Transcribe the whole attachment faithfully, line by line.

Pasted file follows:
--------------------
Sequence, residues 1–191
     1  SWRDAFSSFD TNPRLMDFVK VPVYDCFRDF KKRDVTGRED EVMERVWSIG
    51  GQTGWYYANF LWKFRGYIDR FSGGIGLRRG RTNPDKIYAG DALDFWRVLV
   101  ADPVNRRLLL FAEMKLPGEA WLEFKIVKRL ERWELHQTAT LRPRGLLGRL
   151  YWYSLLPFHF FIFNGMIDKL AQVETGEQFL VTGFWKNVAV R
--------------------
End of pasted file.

Sequence, residues 1–191
     1  SWRDAFSSFD TNPRLMDFVK VPVYDCFRDF KKRDVTGRED EVMERVWSIG
    51  GQTGWYYANF LWKFRGYIDR FSGGIGLRRG RTNPDKIYAG DALDFWRVLV
   101  ADPVNRRLLL FAEMKLPGEA WLEFKIVKRL ERWELHQTAT LRPRGLLGRL
   151  YWYSLLPFHF FIFNGMIDKL AQVETGEQFL VTGFWKNVAV R